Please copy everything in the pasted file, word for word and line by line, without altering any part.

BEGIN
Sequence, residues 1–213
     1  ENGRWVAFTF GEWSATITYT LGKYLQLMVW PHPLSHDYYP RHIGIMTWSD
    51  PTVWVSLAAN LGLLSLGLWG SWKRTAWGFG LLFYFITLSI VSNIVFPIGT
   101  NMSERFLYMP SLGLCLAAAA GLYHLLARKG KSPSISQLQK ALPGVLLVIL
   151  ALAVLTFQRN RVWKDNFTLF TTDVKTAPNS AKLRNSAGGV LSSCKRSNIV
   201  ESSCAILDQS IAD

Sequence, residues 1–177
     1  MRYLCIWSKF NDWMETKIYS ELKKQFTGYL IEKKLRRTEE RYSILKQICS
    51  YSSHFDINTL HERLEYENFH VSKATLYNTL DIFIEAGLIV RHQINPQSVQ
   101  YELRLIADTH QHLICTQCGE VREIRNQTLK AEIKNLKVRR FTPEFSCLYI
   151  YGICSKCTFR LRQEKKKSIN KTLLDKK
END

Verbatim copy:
Sequence, residues 1–213
     1  ENGRWVAFTF GEWSATITYT LGKYLQLMVW PHPLSHDYYP RHIGIMTWSD
    51  PTVWVSLAAN LGLLSLGLWG SWKRTAWGFG LLFYFITLSI VSNIVFPIGT
   101  NMSERFLYMP SLGLCLAAAA GLYHLLARKG KSPSISQLQK ALPGVLLVIL
   151  ALAVLTFQRN RVWKDNFTLF TTDVKTAPNS AKLRNSAGGV LSSCKRSNIV
   201  ESSCAILDQS IAD

Sequence, residues 1–177
     1  MRYLCIWSKF NDWMETKIYS ELKKQFTGYL IEKKLRRTEE RYSILKQICS
    51  YSSHFDINTL HERLEYENFH VSKATLYNTL DIFIEAGLIV RHQINPQSVQ
   101  YELRLIADTH QHLICTQCGE VREIRNQTLK AEIKNLKVRR FTPEFSCLYI
   151  YGICSKCTFR LRQEKKKSIN KTLLDKK